HomeNewsClerics express divergent views on FRCN law

Clerics express divergent views on FRCN law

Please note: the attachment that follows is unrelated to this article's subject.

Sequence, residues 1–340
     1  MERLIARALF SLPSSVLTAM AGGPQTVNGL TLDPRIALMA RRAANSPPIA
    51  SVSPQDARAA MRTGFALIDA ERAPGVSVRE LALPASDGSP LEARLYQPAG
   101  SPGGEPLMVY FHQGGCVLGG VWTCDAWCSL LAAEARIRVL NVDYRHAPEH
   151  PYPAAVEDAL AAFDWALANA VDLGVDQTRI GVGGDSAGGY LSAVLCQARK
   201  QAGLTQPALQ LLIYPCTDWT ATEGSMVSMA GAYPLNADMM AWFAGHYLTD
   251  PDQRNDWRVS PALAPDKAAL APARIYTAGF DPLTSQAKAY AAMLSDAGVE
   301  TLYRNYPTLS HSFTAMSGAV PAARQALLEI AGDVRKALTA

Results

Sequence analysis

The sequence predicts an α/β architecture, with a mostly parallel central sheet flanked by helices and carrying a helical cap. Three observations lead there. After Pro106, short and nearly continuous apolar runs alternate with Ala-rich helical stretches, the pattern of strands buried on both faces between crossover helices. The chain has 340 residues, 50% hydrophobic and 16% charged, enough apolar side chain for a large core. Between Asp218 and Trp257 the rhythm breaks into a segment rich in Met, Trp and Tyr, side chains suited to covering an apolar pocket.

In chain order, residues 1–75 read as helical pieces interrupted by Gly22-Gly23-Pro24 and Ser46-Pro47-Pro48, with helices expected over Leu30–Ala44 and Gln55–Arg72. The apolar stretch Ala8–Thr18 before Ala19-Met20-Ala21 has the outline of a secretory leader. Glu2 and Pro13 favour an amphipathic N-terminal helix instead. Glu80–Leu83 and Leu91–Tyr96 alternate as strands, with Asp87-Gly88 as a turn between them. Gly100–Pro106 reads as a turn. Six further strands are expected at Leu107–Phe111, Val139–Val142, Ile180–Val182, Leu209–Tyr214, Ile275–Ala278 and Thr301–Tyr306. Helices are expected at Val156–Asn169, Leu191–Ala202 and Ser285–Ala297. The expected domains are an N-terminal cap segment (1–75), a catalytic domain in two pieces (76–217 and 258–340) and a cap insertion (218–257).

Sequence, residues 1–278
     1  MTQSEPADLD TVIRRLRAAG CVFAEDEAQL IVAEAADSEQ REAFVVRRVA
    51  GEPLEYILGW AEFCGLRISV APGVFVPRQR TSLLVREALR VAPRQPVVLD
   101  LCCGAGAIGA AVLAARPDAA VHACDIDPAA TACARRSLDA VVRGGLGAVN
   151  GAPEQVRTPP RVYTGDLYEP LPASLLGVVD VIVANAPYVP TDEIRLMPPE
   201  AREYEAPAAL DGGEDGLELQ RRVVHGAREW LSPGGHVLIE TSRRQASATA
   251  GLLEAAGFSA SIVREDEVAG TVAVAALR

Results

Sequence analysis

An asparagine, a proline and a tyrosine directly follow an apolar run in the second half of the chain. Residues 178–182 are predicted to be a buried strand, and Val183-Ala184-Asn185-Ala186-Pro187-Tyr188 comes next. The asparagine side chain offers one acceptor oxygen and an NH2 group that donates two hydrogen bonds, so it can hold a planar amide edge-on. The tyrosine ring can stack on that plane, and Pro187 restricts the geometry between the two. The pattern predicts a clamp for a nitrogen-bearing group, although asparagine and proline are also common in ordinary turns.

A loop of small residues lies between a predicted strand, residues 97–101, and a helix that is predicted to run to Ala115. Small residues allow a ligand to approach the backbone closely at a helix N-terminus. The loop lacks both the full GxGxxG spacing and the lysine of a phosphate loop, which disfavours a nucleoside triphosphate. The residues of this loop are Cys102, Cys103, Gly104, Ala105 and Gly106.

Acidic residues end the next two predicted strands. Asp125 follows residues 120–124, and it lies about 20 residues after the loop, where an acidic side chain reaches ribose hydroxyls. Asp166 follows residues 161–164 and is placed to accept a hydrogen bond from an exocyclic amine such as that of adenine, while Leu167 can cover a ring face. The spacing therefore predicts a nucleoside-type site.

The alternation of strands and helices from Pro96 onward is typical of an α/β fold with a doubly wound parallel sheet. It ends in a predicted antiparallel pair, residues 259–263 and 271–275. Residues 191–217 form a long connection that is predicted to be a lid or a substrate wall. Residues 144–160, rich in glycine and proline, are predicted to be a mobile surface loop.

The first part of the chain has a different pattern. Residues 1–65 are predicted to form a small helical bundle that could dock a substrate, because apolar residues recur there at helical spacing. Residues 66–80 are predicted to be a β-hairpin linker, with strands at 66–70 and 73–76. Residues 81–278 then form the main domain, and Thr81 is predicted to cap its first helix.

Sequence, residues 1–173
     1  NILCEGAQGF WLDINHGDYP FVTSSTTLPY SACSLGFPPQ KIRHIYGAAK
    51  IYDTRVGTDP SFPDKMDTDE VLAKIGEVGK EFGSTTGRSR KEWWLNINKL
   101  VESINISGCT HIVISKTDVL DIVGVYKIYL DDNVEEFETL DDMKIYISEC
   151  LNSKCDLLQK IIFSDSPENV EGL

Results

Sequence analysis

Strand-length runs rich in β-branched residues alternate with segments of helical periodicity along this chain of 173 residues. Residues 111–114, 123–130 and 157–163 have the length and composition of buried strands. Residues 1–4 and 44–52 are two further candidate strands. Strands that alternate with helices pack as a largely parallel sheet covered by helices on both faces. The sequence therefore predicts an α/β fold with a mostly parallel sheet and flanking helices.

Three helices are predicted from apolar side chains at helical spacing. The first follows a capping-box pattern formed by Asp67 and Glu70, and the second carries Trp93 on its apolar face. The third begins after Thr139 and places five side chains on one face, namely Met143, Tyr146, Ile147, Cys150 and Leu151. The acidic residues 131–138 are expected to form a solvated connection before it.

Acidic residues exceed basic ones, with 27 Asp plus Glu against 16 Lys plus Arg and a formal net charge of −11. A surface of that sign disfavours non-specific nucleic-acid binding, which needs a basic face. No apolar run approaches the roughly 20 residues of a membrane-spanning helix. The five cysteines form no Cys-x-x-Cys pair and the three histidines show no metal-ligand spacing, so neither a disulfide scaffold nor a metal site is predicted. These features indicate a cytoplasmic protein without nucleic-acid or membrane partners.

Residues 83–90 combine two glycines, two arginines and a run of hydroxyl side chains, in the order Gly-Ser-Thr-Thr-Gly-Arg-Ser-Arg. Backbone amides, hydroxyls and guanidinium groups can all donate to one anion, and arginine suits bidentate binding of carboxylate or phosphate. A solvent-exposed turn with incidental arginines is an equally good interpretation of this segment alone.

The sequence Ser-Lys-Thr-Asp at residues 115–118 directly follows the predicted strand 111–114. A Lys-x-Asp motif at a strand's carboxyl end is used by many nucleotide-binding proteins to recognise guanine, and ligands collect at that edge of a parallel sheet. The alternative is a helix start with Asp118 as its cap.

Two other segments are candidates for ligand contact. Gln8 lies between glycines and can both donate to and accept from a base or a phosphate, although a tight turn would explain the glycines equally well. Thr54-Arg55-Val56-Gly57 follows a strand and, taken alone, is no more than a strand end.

Some Clerics in Lagos on Monday expressed divergent views on the law by the Financial Reporting Council of Nigeria (FRCN) stipulating a maximum period in Office for heads of registered Churches, Mosques and Civil Society Organisations. The law, the Financial Reporting Council of Nigeria Act, No. 6 of 2011, prescribes a maximum period of 20 years in Office for heads of registered Churches, Mosques and Civil Society Organisations. The law recently led the General Overseer of the Redeemed Christian Church of God (RCCG), Pastor Enoch Adeboye, to announce a National Overseer for RCCG Nigeria on Jan. 7. In interviews, some of the Clerics condemned the law, while others said it was a step in the right direction. Monsignor Gabriel Osu, the Director of Social Communications, Catholic Archdiocese of Lagos, said that the law was condemnable, noting that the government does not own the churches. “They are not government churches. What has government got to do with the Churches, Mosques, and the Civil Society Organisations? “As far as I know in Nigeria today, we don’t have government churches. Church leaders or Pastors are not civil servants. They are purely spiritual leaders,’’ he said. Pastor Tunde Bakare, the Convener, Save Nigeria Group (SNG) and Senior Pastor, Latter Rain Assembly (LRA), however, urged church leaders to demonstrate exemplary leadership by complying with the law of the land. He said that Jesus is the Owner of the Church and not a General Superintendent or any General Overseer. “I do not work with the FRCN. Nobody has served me any notice. I am a trained lawyer and I try to be law-abiding, but that is not to say that any of the people mentioned has not been law-abiding. “But whether we like it or not, one day, we`ll have to leave office. You can’t go on forever. “This is the way I want you to see what has happened to Pastor Adeboye. God granted him the grace. For so many people, they will even collapse before they know when to leave. “But to have someone succeed you in your lifetime and to continue when you have mentored that person, is a great achievement. “Whether you are a General Superintendent or a General Overseer, Jesus is the Owner of the Church, not any of us and if He wants to do things to see Nigeria change, it must begin from the House of God; we must live by example. “So, I think what Adeboye did was noble. There is nothing to fear in complying with the law, rules and regulations; we must not be seen as a lawless people,’’ he said. Most Rev. Babatunde Elijah, Primate, Inri Evangelical Church, said that there was nowhere in the Bible that says that church leaders should retire. “Making a law to control churches is a mirage. It is tantamount to fighting the Kingdom of God, and the Federal Government should do a rethink and review the law. The Holy Spirit does not retire. “You know that some Pastors are living a flamboyant lifestyle; Government should face those churches that are entrepreneurial, commercialised churches and not the churches that are helping the less-privileged. “Maybe those Pastors that are in government are the ones that they are talking about. Will I be reporting to them if I want to buy chairs in my church? “The law from the Christian Association of Nigeria (CAN) should be the one guiding the churches, not that from the FRCN. But it is just that CAN does not know what they are doing. “Is it the FRCN that built the Churches? Are they the ones that contributed the money to build the churches?’’ he asked. Prof. Ishaq Akintola, Director, Muslims Right Concern (MURIC), said: “I do not see the relevance of the law. I do not see why FRCN should seek to interfere in their leadership cadre. “Government should allow the constitutions of either the mosques or the churches to guide their administration. “I do not see why it is so important to the FRCN to start legislating over the leadership of churches or mosques. It is very wrong in my opinion,’’ he said. The Bishop of the Diocese of Lagos Mainland, Anglican Communion, Most Rev. Akinpelu Johnson, however, said that the law was in line with the doctrine of the church. “In the Anglican Church, the retirement age of anybody, be you a cleric or a worker is 70 years. I was surprised when I heard in the news on Sunday that the FRCN is regulating church leadership, but I think it is in line,’’ he added.

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